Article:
The Tech - Online EditionMIT's oldest and largest
newspaper & the first
newspaper published
on the web
Boston Weather: 36.0°F | A Few Clouds

IFC Keeps Close Eye On This Year’s Rush

Rules Regarding Females More Stringent

By Jennifer Krishnan

NEWS EDITOR

This year’s rush has featured higher budgets, more vigilant Interfraternity Council policing, and guest appearances by the Cambridge License Commission.

Delta Kappa Epsilon Rush Chair Nicholas A. Nielsen ’03 guessed that most fraternities were spending $20,000 to $30,000 on recruitment this year.

“They’re probably spending a little more than usual this year, because they’re trying to stay strong,” he said. “But these are already such high budgets that it doesn’t really matter.”

The IFC Judicial Committee investigators “are always around,” said Phi Beta Epsilon Rush Chair Jae K. Ro ’02.

The CLC sent its own investigator to each of the fraternities in Cambridge “to make sure everything is okay,” said IFC Recruitment Chair Joanne Chang ’03. The investigator checked for alcohol and made sure that building capacities had not been exceeded. “They know about rush ... they know the chaos, and they wanted to see for themselves” how rush is going, she said.

About 350 freshmen stayed overnight in fraternities, sororities, and independent living groups on Saturday night, Chang said.

Last year, about 400 freshmen stayed overnight at FSILGs on Saturday night, according to Chang. However, a new IFC rule forbidding females from staying overnight in all-male living groups may be responsible in part for the lower figure.

IFC watches women closely

Chang said that IFC representatives stopped by the front desks of all the FSILGs immediately after Killian Kickoff to make sure there were no problems and address any concerns. At that time, IFC representatives checked, among other things, to make sure no women were checked into all-male houses.

This year, freshmen women are not allowed to sleep over at all-male living groups. “Freshman girls should not be overnighting where they are not potential new members,” Chang said. In past years the IFC has not taken any stance on this issue, but Chang said that it became a problem last year.

“They’re missing out on opportunities for ILGs and [Panhellenic rush],” she said.

“Last year, Panhel had a weak rush,” Ro said. The weak Panhellenic rush may have inspired the IFC to be more strict about freshman women being taken away from Killian.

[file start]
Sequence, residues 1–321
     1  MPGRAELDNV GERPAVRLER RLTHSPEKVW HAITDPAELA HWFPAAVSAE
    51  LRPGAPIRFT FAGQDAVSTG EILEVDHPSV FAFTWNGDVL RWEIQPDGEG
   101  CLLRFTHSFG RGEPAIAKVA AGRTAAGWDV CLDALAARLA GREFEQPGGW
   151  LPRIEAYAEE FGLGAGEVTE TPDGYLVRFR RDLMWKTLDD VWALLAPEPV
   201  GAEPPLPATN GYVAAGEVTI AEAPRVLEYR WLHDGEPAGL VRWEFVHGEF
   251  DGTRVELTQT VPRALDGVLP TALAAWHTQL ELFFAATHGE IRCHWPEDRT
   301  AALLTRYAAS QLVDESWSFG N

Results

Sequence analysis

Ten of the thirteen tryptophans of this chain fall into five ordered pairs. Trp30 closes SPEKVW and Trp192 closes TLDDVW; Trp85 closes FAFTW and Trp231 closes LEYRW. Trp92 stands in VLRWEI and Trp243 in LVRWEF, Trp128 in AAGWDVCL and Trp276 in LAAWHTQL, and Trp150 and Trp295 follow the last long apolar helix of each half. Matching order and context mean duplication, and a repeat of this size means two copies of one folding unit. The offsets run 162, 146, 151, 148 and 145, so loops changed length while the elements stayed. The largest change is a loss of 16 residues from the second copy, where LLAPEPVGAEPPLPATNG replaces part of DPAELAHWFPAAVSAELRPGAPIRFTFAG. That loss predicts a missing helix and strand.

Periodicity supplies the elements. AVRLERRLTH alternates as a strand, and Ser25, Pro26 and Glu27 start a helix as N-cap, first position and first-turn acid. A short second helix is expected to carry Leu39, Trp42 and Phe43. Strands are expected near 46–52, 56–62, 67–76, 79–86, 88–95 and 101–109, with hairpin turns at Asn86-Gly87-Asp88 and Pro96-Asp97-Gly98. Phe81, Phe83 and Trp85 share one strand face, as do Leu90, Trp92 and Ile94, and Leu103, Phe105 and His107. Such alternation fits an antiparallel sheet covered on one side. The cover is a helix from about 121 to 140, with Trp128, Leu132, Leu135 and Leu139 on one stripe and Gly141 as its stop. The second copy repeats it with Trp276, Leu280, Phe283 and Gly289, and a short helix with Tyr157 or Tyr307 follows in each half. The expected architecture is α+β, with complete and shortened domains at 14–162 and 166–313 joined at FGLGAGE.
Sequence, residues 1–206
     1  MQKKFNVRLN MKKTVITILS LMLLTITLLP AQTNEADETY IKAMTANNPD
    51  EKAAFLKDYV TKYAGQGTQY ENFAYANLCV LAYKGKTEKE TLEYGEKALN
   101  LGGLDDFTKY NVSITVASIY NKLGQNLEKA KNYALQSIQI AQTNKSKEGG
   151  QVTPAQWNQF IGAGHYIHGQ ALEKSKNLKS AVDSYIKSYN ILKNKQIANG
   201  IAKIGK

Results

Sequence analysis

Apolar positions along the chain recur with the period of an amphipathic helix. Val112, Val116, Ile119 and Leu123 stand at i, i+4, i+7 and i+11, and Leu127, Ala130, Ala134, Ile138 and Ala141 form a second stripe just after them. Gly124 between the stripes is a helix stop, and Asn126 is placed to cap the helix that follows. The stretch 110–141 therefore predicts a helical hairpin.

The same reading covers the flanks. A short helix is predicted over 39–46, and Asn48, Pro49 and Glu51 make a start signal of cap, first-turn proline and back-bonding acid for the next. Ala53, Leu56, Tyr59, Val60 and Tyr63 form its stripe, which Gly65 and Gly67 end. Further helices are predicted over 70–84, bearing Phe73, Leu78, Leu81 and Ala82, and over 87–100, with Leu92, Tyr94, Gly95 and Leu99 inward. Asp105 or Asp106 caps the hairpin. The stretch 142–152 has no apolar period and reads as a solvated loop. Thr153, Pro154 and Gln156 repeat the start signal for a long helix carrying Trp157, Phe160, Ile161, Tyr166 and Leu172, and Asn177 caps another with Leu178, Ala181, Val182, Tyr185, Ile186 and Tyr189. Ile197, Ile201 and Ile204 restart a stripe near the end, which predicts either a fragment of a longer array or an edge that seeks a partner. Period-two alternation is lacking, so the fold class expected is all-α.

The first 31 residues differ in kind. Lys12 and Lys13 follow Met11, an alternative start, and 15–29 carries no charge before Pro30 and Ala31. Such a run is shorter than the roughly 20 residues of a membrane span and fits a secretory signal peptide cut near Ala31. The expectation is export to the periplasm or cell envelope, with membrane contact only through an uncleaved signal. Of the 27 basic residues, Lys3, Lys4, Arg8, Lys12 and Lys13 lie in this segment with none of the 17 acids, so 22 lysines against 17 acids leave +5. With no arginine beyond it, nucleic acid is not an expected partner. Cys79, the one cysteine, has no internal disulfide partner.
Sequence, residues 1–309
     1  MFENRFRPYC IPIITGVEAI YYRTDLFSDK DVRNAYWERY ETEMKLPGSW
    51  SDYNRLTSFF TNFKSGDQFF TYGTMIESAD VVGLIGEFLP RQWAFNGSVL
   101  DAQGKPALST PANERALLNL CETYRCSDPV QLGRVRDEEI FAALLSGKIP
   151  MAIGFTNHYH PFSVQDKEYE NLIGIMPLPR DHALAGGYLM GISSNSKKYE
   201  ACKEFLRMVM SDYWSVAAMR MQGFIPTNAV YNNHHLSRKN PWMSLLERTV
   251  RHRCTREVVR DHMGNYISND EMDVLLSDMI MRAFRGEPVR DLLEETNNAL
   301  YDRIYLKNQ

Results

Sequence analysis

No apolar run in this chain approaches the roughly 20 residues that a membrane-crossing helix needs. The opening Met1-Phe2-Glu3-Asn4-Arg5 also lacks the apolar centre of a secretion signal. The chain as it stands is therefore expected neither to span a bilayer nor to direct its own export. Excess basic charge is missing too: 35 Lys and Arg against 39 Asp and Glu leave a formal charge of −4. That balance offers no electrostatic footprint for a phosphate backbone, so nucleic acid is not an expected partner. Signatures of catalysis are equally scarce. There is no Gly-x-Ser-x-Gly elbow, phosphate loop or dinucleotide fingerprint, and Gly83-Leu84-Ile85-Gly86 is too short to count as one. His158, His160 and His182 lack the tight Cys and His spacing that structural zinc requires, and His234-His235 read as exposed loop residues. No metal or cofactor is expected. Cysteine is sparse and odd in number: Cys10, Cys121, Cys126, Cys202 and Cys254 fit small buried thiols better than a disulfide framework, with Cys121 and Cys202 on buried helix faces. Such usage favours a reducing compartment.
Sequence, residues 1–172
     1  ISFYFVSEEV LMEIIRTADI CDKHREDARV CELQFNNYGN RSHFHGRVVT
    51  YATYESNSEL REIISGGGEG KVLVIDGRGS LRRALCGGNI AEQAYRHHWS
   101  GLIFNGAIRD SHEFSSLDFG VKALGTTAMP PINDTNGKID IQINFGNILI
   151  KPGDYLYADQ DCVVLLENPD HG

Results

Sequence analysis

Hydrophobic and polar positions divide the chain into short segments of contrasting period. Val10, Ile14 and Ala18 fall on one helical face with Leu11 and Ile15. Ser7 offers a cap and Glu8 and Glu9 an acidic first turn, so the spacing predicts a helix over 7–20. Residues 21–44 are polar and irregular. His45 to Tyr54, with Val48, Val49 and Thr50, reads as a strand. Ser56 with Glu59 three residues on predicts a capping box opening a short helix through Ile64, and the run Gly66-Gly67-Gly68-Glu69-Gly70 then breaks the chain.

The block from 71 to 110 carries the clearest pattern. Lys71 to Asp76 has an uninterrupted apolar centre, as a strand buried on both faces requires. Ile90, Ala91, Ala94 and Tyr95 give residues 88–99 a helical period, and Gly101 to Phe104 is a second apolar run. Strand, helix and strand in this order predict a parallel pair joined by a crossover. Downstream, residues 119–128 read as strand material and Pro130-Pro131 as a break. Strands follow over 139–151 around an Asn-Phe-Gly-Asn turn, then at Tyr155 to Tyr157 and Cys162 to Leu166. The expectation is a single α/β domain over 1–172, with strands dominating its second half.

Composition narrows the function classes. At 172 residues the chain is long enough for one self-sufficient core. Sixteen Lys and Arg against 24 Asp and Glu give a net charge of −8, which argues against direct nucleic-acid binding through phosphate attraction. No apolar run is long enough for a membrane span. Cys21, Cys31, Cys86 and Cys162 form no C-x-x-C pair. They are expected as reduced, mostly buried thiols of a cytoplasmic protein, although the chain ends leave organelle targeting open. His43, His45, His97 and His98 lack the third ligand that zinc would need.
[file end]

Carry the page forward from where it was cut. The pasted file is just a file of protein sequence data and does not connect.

“[IFC has] been really strict about girls going on jaunts,” said Nu Delta Rush Chair Guillermo J. Chicas ’03. “I guess it’s affecting sororities ... It’s not like we’re rushing girls, but with girls come guys.”

Though overnight numbers were down overall, Women’s Independent Living Group Rush Chair Marissa Raymond ’03 said WILG had more freshmen than usual stay over Saturday night.

More effort goes into rush

Ro said PBE was spending 10 to 20 percent more than usual on rush this year. He added that the fraternity had about two dozen rush girls, three times as many as usual.

Eric A. Dauler ’02, Rush Chair for Pi Lambda Phi, said his fraternity was spending about $20,000, the same amount as last year. “But we had a bigger alumni turnout than last year, which sort of makes up for not spending more money,” Dauler said.

In addition, Dauler said that members of other PLP chapters came to help out with rush.

Sigma Phi Epsilon Rush Chair William D. Fournier ’03 said that Sig Ep will spend less than $10,000 on rush, substantially less than many other fraternities. Their budget is slightly higher than last year’s, he said, but this is due to the fact that they have more room to fill. In addition to filling the main house, Sig Ep plans put some members in its annex this year.

“We haven’t noticed any significant drawbacks” to having a low budget, Fournier said. “We have inexpensive jaunts ... We don’t throw a lot of flash at freshmen.”

Rushees set own agendas

Some of the rush chairs believe that this year’s rushees are more knowledgeable about the rush process than previous classes were. “Freshmen seem to know more about rush this year,” Ro said. “They’ve been moving around a lot more than in the past.”

“Some kids are more organized,” Nielsen said. “They have their own set agenda, as opposed to just going along with whoever camps for them.”

No consensus on non-residentials

With just one year until the implementation of freshmen-on-campus, some houses are ready to extend non-residential bids. However, some groups are still averse to the idea. Many still remain undecided.

“We’re encouraging freshmen to be residential members if they can, but we’re allowing for the possibility” of non-residential pledges, Ro said. He indicated that some freshmen have already expressed interest in such an option.

“We’re not used to non-residential bids ... but people are thinking more along those lines” this year, Nielsen said. Some houses “are giving out lots of bids to get their numbers up for next year, but our house doesn’t feel that’s the way to go.” Deke, he said, will only extend bids to freshmen who “would be a good fit for the house.”

Dauler said that PLP will only extend residential bids until they fill the house, at which point they may go back and extend non-residential bids. “We don’t initially want to make that an option,” he said.

Raymond said that WILG had not yet come to a consensus about non-residential members.

Chicas said that upperclassmen generally move out of Nu Delta to make room for freshmen, and that the fraternity has not yet made a decision about non-residential members.